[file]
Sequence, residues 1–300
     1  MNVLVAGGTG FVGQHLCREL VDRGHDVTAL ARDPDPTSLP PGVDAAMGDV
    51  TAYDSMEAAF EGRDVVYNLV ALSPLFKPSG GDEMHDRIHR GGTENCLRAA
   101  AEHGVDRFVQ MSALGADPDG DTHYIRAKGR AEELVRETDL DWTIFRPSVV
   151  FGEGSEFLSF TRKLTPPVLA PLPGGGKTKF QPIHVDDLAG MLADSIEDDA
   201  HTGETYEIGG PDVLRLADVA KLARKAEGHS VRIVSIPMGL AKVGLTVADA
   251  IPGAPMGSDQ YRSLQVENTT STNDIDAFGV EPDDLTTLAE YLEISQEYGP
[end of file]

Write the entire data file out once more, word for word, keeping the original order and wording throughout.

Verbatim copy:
Sequence, residues 1–300
     1  MNVLVAGGTG FVGQHLCREL VDRGHDVTAL ARDPDPTSLP PGVDAAMGDV
    51  TAYDSMEAAF EGRDVVYNLV ALSPLFKPSG GDEMHDRIHR GGTENCLRAA
   101  AEHGVDRFVQ MSALGADPDG DTHYIRAKGR AEELVRETDL DWTIFRPSVV
   151  FGEGSEFLSF TRKLTPPVLA PLPGGGKTKF QPIHVDDLAG MLADSIEDDA
   201  HTGETYEIGG PDVLRLADVA KLARKAEGHS VRIVSIPMGL AKVGLTVADA
   251  IPGAPMGSDQ YRSLQVENTT STNDIDAFGV EPDDLTTLAE YLEISQEYGP